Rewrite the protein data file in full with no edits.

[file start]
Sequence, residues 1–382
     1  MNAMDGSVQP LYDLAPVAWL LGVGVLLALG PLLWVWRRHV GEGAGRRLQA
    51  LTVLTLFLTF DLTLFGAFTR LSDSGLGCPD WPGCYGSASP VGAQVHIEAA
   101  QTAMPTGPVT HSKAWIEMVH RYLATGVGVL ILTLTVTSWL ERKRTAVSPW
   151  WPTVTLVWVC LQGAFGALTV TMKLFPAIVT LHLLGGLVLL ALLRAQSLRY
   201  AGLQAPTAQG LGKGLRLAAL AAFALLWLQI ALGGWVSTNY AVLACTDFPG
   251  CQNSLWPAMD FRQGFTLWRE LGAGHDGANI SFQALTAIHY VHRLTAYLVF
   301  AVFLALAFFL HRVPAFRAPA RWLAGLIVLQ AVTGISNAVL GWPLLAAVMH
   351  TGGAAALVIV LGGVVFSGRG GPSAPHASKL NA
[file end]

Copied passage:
Sequence, residues 1–382
     1  MNAMDGSVQP LYDLAPVAWL LGVGVLLALG PLLWVWRRHV GEGAGRRLQA
    51  LTVLTLFLTF DLTLFGAFTR LSDSGLGCPD WPGCYGSASP VGAQVHIEAA
   101  QTAMPTGPVT HSKAWIEMVH RYLATGVGVL ILTLTVTSWL ERKRTAVSPW
   151  WPTVTLVWVC LQGAFGALTV TMKLFPAIVT LHLLGGLVLL ALLRAQSLRY
   201  AGLQAPTAQG LGKGLRLAAL AAFALLWLQI ALGGWVSTNY AVLACTDFPG
   251  CQNSLWPAMD FRQGFTLWRE LGAGHDGANI SFQALTAIHY VHRLTAYLVF
   301  AVFLALAFFL HRVPAFRAPA RWLAGLIVLQ AVTGISNAVL GWPLLAAVMH
   351  TGGAAALVIV LGGVVFSGRG GPSAPHASKL NA